In an attempt to understand and raise awareness about the situation of ME/CFS patients in our continent, our Afrika News team contacted the director of ME/CFS foundation South Africa, Mrs Retha Viviers. In this part of the interview, Mrs Viviers will thoroughly explain what ME/Chronic Fatigue syndrome is and she will also talk to us about her foundation.
Retha, please tell us more about yourself and your ME/CFS foundation S.A?
Personally, ME/CFS came at a big cost to my family and me, but I have also gained in unexpected ways.
From a cost point of view, I’ve lost the ability to earn an income, which ruined us financially as I was going to be the main breadwinner and my husband the house husband building websites as a hobby. My husband is an engineer, but by the time my health deteriorated to the point of not being able to work, it was too late for him to get back into the industry as he was almost 60. Month to month financial commitments are a complete nightmare. We still have one child at school and she is very talented, but having a sick mom and the financial and other consequences are very hard on her as well. It breaks my heart as a parent.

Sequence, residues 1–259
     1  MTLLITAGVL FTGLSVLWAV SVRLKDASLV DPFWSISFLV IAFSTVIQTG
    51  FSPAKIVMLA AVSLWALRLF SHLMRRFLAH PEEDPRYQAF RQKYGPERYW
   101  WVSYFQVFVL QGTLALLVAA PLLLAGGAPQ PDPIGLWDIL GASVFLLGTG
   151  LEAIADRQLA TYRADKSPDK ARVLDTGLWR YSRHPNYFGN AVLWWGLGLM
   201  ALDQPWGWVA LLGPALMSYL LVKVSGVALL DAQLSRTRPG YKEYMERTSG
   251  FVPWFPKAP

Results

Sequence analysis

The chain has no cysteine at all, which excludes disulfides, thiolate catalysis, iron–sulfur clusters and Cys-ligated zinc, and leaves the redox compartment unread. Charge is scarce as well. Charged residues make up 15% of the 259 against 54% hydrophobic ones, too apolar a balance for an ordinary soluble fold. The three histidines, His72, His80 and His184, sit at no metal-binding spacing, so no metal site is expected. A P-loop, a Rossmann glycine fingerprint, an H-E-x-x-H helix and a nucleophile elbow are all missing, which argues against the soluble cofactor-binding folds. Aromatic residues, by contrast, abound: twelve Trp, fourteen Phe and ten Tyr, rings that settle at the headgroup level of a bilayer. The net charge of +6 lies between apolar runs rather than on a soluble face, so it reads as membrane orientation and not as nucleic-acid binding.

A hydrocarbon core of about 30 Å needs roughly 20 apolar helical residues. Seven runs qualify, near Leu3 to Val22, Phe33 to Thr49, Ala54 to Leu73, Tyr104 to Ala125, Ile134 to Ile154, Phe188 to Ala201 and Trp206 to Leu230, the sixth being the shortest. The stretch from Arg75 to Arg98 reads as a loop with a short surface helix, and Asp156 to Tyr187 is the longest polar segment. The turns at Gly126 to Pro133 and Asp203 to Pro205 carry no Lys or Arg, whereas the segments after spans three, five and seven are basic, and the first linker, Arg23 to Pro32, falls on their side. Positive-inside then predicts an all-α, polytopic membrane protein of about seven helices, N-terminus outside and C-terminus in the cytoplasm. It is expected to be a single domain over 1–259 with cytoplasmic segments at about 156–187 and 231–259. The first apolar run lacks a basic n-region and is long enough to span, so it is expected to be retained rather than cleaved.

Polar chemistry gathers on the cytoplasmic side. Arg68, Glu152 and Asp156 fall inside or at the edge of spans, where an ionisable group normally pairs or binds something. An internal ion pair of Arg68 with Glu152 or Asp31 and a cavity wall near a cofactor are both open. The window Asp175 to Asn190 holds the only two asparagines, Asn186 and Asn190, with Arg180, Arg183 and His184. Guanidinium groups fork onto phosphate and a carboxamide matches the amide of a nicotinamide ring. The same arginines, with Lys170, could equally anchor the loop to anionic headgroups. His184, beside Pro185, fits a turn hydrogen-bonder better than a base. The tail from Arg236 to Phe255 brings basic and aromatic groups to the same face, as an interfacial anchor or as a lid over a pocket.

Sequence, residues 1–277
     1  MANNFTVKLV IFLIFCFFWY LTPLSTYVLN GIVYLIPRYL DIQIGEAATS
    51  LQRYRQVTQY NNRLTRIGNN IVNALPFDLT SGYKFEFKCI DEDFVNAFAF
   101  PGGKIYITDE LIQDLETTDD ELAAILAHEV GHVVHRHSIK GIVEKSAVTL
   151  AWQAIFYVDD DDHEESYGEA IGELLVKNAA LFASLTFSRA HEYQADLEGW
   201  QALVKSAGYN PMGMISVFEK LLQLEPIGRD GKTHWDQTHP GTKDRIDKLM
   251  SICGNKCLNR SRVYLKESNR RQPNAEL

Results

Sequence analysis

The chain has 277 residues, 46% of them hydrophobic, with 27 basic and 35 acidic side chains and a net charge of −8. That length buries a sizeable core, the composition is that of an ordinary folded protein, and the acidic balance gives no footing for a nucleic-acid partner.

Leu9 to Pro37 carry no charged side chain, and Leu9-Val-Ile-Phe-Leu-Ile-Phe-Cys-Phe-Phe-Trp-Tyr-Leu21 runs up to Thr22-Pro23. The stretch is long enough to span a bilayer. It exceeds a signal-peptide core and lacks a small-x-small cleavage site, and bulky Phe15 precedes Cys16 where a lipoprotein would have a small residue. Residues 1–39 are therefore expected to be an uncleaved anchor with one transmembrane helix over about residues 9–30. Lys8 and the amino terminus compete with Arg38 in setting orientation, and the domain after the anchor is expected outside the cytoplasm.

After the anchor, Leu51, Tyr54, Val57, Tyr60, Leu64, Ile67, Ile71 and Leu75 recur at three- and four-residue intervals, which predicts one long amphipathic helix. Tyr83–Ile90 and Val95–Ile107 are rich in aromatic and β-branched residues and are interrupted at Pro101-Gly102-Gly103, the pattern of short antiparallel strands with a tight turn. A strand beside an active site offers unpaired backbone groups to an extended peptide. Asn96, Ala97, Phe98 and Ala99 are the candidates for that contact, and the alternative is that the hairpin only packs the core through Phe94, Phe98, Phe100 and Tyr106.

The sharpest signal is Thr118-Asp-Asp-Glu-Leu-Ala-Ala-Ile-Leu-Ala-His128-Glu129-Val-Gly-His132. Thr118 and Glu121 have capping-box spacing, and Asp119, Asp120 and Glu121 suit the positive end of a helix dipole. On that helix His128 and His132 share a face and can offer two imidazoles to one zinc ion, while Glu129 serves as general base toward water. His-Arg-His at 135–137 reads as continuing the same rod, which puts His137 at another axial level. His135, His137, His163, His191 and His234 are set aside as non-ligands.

I’ve lost my identity to a large extent, and my memory and other cognitive abilities have deteriorated significantly. Physically I have become weak. I still get PEM (Post-exertional malaise) /PENE (Post Exertional Neuroimmune Exhaustion) if I do too much.
From a gaining point of view, despite all the heartache and hardship, ME/CFS has enriched my life. I started a support group on Facebook in November of 2012 and over the years saw the dire need of patients for hope, companionship, financial assistance, medical treatment, special care facilities, and basic living necessities. I have come across the most amazing people, very ill and in severe pain, but still very kind and as positive as can be.
To read the rest of this interview, click on the link below: